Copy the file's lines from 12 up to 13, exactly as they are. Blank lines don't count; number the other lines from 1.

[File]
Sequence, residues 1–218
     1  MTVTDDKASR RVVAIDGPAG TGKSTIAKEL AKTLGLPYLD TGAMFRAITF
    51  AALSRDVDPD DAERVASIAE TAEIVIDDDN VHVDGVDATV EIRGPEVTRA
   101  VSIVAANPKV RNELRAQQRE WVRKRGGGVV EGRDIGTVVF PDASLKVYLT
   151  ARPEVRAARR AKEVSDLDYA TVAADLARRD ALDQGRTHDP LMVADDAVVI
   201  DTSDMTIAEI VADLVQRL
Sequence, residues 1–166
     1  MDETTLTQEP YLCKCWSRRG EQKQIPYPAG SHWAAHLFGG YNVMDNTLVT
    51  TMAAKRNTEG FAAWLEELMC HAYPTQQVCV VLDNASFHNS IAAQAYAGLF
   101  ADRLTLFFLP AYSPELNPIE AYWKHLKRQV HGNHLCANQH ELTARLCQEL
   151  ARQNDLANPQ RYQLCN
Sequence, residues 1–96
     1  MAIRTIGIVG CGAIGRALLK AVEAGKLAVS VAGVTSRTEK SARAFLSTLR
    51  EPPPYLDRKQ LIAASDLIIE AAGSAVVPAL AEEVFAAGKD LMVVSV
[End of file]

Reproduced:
Sequence, residues 1–96
     1  MAIRTIGIVG CGAIGRALLK AVEAGKLAVS VAGVTSRTEK SARAFLSTLR